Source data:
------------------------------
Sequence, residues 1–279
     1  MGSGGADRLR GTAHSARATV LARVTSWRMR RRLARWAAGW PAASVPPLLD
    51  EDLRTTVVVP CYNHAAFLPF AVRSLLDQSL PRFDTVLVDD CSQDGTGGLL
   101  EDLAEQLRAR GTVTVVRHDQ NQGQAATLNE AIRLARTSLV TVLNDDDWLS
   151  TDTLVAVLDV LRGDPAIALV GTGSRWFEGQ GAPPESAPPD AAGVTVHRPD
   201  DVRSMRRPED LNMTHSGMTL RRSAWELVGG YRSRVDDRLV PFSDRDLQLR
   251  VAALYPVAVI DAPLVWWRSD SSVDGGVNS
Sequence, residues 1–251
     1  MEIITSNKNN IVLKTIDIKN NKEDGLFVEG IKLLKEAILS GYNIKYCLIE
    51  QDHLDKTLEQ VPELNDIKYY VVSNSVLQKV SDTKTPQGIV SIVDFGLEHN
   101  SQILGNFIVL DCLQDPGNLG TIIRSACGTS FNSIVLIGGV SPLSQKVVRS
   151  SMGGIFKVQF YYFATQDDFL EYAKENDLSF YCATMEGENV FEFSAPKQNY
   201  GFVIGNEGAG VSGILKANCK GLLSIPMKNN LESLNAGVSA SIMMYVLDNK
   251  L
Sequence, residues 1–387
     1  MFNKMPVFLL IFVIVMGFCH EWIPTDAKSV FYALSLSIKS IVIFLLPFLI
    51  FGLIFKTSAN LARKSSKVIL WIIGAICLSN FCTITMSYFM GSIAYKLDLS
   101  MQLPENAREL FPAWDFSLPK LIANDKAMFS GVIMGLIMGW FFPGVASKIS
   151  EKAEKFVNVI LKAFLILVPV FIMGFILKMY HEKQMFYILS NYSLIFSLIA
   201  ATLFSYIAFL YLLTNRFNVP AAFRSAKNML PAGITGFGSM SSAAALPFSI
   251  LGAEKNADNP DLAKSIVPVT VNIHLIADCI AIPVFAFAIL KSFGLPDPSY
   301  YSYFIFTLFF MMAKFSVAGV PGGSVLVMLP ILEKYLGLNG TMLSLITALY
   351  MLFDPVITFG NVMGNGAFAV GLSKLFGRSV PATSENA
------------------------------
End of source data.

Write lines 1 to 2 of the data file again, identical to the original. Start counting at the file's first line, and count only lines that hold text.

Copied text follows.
Sequence, residues 1–279
     1  MGSGGADRLR GTAHSARATV LARVTSWRMR RRLARWAAGW PAASVPPLLD